She emphasized, however, that LWSB
would not begin construction before the campaign is complete.
Among Sangalli's greatest challenges now is raising $30 million for LWSB's new campus across from the Clinton Presidential Library in downtown Little Rock.
Sangalli has learned from LWSB's clients as they have learned from LWSB.
"As a result of things he learned here, he was able to go back to his practice and go on to bigger and better things." Sangalli stressed that LWSB only provides its clients the opportunity to regain their lives.
LWSB provides "training opportunities so people can regain their independence," she said.
LWSB has evolved from an Arkansas-based organization primarily working to give visually impaired people skills to adapt to the "sighted" world to one that attracts international students and provides job training.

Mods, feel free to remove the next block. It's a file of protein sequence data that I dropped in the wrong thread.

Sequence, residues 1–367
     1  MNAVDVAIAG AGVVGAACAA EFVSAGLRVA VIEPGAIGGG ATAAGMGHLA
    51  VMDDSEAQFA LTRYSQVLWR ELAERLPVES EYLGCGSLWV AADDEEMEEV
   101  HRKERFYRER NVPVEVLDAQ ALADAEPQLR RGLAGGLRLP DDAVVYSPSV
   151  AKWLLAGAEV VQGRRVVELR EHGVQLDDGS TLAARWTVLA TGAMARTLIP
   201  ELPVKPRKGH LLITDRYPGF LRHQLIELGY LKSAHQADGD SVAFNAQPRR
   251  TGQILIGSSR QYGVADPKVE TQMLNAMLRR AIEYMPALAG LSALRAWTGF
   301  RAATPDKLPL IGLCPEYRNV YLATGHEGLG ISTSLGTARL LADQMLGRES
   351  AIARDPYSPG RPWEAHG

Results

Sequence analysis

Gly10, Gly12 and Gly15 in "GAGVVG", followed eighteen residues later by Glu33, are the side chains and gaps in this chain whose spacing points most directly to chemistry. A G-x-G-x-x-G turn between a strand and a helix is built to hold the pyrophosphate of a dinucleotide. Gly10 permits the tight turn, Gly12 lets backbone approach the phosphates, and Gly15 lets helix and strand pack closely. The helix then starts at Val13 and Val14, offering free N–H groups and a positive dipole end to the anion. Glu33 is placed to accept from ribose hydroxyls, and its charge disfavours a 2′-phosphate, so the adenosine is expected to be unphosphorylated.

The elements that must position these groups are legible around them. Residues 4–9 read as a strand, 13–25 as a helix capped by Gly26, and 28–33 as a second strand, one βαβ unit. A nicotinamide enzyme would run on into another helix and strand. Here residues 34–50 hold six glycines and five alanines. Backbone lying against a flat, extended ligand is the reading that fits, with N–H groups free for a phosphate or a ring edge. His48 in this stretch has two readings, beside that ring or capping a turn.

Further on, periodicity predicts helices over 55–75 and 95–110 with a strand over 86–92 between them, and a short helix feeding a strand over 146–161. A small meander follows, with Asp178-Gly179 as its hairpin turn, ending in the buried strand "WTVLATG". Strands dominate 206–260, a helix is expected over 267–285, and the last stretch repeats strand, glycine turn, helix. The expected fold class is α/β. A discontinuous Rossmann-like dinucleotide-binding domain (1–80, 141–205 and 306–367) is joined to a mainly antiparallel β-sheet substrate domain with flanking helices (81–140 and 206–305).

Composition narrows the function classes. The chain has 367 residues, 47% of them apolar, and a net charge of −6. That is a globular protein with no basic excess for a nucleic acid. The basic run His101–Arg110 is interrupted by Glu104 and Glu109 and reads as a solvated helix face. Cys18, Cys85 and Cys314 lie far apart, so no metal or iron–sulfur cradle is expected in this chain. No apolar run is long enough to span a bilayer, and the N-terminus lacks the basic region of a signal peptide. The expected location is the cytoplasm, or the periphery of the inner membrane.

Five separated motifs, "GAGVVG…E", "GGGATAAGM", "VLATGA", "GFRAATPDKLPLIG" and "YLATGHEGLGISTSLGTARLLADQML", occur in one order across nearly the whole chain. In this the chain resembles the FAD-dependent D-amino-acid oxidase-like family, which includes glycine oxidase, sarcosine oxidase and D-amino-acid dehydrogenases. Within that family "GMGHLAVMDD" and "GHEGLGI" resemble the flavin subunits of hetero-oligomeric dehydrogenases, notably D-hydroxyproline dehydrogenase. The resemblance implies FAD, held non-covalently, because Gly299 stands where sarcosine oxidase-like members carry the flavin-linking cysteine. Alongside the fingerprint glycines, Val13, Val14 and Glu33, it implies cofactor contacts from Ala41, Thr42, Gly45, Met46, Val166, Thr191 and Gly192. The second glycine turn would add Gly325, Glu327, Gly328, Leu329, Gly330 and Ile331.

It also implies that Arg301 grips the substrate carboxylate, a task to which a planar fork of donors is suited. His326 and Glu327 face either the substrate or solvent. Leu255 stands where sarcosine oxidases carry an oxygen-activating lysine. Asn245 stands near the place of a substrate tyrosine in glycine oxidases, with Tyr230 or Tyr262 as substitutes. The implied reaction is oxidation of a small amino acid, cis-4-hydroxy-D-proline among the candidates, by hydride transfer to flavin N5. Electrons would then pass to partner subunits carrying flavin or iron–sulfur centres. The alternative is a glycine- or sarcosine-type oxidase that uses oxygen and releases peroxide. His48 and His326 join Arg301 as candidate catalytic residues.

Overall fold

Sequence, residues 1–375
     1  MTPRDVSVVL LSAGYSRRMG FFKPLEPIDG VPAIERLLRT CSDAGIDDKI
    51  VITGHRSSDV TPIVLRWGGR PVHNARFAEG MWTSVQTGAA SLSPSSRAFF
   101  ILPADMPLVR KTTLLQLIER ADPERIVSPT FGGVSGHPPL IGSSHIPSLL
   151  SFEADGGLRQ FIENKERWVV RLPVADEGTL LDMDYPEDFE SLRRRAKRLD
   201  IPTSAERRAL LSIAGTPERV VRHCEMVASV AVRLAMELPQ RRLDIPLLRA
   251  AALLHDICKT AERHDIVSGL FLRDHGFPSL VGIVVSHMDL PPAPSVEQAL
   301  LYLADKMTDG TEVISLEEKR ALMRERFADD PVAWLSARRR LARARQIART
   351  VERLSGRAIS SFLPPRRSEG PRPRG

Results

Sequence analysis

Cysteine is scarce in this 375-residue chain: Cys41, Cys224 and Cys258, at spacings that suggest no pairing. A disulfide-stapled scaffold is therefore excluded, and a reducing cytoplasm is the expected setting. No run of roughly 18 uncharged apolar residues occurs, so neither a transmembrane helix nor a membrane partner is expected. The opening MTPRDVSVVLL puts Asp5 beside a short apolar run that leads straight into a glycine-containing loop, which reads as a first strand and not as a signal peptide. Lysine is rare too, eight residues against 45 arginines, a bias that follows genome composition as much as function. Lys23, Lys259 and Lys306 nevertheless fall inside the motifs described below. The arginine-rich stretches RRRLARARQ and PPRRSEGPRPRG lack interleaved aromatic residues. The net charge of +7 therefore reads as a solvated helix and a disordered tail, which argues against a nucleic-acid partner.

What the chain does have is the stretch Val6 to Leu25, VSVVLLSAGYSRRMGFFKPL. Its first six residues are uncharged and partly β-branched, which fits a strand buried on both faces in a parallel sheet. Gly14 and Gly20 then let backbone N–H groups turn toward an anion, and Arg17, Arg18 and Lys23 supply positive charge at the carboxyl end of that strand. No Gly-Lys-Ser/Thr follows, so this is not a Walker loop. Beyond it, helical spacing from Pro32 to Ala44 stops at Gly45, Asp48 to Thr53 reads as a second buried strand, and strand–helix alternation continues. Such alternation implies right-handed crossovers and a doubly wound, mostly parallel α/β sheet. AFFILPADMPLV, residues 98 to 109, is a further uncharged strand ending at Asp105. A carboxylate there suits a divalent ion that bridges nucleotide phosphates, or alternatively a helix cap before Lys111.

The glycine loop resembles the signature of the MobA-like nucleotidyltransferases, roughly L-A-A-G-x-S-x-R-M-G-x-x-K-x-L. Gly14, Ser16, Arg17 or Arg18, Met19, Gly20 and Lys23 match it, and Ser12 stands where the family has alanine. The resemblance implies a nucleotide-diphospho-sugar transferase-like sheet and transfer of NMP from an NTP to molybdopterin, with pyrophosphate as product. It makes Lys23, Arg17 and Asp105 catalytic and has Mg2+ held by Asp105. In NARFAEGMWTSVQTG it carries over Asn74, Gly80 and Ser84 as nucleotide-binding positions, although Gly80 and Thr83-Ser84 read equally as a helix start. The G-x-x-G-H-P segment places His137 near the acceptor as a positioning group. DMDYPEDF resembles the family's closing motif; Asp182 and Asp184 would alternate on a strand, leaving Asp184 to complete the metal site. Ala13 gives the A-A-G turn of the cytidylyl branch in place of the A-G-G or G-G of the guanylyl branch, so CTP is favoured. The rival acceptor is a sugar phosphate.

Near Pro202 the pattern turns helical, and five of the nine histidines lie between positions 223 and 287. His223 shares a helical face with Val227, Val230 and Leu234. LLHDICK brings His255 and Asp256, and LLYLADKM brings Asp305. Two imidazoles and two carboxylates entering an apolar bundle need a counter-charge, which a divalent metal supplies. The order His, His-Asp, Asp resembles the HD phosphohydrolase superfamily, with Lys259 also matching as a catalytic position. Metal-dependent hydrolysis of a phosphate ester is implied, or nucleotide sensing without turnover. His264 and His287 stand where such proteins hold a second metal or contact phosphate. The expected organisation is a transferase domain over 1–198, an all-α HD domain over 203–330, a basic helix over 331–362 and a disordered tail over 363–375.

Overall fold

LWSB has trained more than 9,000 people from all 50 states and 57 other countries since its founding.
Before LWSB, there were few institutions in the country that could help blind people lead what the rest of us consider basic, normal lives.
LWSB created a reputation for not only excellent training but also state-of-the-art innovation and equipment, which began to attract clients from this country and abroad, even without money for advertising or publicity.
The innovation spawned an ongoing program of job-specific training courses, a program that has placed LWSB at the forefront of vocational training nationwide.